Secretary of State John Kerry gestures during a news conference in Riyadh, Saudi Arabia, Dec. 18, 2016. Reuters

Secretary of State John Kerry announced Wednesday his plan to resume Middle East peace talks between Israel and Palestine in the final days of President Barack Obama's administration.

Kerry's highly anticipated speech reiterated the Obama administration's support for Israel's security and urged both sides to once again come to the table after talks last broke down in 2014. Kerry also responded to Israeli criticism after the U.S. abstained from a U.N. resolution condemning Tel Aviv's policy of illegal settlement building on Palestinian territory. The secretary of state said this decision was made to ensure "Israel's future as a Jewish and democratic state" and the viability of a two-state solution.

“The two-state solution is the only way to achieve a just and lasting peace for Israelis and Palestinians,” Kerry said. "Friends must tell each other the hard truths," he added, referring to the alliance between Washington and Tel Aviv.

The two-state solution refers to achieving peace in the conflict between Israel and Palestine by establishing two independent states. The internationally recognized Israeli-Palestinian borders were established in 1949 a year after Israel's establishment on what was previously British-administered Palestine. Since the Six Day War in 1967, Israel has expanded its territory beyond these borders despite agreeing to United Nations Resolution 242, calling for its withdrawal.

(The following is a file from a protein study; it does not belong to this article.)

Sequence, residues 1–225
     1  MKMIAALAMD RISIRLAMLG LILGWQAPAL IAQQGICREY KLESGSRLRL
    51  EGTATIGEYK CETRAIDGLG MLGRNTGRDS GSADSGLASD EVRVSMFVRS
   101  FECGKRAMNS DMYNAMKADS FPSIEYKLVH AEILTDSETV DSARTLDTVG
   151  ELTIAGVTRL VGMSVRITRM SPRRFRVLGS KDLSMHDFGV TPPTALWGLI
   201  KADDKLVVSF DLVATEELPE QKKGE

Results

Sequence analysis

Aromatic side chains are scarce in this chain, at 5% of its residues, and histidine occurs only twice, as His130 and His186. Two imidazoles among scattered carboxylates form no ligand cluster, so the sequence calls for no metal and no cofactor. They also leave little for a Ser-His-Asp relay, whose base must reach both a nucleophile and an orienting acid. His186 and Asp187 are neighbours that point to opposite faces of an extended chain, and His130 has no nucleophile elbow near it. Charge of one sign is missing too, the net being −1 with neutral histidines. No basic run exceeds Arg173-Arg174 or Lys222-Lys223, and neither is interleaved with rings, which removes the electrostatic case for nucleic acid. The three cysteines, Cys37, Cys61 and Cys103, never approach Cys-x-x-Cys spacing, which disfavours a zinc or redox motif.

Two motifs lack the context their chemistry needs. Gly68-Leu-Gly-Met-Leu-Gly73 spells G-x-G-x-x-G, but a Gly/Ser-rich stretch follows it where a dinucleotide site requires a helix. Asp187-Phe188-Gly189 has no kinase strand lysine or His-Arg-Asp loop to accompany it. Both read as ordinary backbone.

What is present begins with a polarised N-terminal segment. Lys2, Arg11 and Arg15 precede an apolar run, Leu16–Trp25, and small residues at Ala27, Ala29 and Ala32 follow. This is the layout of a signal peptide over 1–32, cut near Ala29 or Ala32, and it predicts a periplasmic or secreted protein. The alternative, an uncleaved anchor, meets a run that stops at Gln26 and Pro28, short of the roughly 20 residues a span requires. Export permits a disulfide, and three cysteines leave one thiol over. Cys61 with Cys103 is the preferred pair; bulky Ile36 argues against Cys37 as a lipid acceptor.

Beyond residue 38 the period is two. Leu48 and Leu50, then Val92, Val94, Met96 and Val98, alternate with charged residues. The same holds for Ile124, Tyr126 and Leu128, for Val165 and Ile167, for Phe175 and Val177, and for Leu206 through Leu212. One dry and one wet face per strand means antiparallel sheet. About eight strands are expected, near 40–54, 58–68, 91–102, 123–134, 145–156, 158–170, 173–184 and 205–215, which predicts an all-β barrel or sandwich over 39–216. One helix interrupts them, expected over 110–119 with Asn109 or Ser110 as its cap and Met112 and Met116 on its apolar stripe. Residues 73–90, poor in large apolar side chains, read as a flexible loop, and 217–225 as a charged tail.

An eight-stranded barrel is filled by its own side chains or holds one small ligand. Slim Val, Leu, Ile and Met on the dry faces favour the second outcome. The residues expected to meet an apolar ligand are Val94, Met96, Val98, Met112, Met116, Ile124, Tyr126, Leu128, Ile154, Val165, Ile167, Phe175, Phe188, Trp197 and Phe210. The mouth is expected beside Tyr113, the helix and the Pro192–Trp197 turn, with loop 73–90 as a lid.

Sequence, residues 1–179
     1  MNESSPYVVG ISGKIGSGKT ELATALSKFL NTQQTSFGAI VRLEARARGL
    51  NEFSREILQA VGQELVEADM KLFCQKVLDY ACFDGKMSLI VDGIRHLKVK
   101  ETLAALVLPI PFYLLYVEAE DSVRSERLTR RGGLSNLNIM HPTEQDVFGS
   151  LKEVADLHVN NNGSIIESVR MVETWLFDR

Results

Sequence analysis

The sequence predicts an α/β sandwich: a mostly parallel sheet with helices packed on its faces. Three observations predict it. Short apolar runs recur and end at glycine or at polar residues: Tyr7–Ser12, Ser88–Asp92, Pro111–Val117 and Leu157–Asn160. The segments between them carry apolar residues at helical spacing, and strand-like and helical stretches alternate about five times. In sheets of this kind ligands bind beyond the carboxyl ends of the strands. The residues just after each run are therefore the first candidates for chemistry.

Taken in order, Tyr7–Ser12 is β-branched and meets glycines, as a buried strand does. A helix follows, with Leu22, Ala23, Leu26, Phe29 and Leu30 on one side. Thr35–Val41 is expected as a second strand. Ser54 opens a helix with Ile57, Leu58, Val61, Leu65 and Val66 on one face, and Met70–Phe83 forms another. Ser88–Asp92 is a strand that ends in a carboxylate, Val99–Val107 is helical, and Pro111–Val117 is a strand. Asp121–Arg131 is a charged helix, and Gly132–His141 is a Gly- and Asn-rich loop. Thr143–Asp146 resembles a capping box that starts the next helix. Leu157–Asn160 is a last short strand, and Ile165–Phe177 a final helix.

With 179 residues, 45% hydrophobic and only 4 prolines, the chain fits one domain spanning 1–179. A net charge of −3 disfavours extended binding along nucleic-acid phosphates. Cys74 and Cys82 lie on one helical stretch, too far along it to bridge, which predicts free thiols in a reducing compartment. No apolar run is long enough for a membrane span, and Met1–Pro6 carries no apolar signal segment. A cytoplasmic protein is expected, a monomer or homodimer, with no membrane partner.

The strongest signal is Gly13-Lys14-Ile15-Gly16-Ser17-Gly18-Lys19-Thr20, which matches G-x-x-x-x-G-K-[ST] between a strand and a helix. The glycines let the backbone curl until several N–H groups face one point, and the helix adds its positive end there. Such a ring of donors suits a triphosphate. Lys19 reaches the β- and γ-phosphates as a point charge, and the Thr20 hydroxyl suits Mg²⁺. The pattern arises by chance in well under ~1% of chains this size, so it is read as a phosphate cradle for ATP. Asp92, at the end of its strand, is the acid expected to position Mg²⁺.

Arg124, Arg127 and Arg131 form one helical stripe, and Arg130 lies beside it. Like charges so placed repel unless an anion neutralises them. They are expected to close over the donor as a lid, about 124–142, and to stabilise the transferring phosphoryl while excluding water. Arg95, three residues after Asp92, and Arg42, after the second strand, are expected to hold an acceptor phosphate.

Israel's support for these tens of thousands of outposts outside of the 1967 borders has led to international criticism, even by its greatest ally, the U.S. Tel Aviv's refusal to stop this practice has also been cited as a major reason diplomatic efforts such as the 1991 Madrid Conference, the 1993 Oslo Accords and the 2000 Camp David Summit were unable to end the conflict.

The U.S. also blames Palestinian leadership for what Washington considers the glorification of violence and inciting armed resistance instead of inspiring political solutions. A recent Palestinian poll showed that nearly two-thirds of Palestinians now rejected a two-state solution, expressing frustration with Israel's occupation policies as well as a perceived lack of commitment on the part of both Israeli and Palestinian governments. Disillusionment with the peace process has caused both Tel Aviv and Ramallah to retreat from negotiations.

In his speech Wednesday, Kerry asked Israel to end the construction of internationally unrecognized settlements and urged Palestine to reject violence and extremism. He asked each side not to wait for the other to take action and called for both to return to peace talks that should ultimately turn into a two-state solution. In the face of Israeli and Palestinian doubts, Kerry said the countries still support the two-state solution, in theory, "They just don't believe it can happen," and that "there is no viable alternative."

Currently, the State of Israel is recognized by 162 nations, while the State of Palestine is recognized by 136, not including the U.S.